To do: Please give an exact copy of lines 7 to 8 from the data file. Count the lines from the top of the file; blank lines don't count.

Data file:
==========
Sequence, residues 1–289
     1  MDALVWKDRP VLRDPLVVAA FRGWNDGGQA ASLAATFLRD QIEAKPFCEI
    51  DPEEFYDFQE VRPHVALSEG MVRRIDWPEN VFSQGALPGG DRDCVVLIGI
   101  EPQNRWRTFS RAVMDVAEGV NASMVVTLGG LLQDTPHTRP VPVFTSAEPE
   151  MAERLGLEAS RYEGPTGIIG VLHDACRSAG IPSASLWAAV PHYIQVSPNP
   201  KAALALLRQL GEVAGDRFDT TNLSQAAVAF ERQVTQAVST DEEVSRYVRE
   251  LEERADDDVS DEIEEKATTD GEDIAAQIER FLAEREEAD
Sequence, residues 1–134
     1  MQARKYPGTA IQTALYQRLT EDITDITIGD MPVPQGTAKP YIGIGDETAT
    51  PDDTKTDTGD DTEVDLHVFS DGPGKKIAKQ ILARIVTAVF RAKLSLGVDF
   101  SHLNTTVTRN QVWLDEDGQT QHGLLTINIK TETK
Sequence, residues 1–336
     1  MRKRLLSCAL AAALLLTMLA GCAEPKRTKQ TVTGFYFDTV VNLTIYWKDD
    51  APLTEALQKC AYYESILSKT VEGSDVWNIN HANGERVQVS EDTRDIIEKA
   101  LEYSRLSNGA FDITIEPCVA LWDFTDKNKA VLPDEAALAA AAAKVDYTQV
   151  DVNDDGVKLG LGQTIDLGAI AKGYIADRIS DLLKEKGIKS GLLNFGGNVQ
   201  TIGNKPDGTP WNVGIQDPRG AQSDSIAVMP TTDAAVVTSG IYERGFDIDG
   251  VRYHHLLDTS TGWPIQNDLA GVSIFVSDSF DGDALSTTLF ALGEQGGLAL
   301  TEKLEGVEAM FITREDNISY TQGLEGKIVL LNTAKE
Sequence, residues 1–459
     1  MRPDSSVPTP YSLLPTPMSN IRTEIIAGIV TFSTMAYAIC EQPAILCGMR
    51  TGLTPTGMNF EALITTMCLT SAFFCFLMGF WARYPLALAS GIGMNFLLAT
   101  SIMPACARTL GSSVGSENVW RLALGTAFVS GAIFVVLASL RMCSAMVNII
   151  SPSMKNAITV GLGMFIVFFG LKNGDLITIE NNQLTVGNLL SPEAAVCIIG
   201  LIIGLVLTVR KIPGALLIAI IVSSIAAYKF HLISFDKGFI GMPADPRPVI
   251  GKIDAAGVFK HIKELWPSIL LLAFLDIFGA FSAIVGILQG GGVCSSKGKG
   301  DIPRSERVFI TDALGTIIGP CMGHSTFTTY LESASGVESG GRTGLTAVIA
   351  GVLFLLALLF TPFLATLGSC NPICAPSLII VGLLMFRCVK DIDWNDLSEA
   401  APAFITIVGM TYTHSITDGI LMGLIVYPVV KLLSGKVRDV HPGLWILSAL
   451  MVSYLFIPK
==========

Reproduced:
   251  LEERADDDVS DEIEEKATTD GEDIAAQIER FLAEREEAD
Sequence, residues 1–134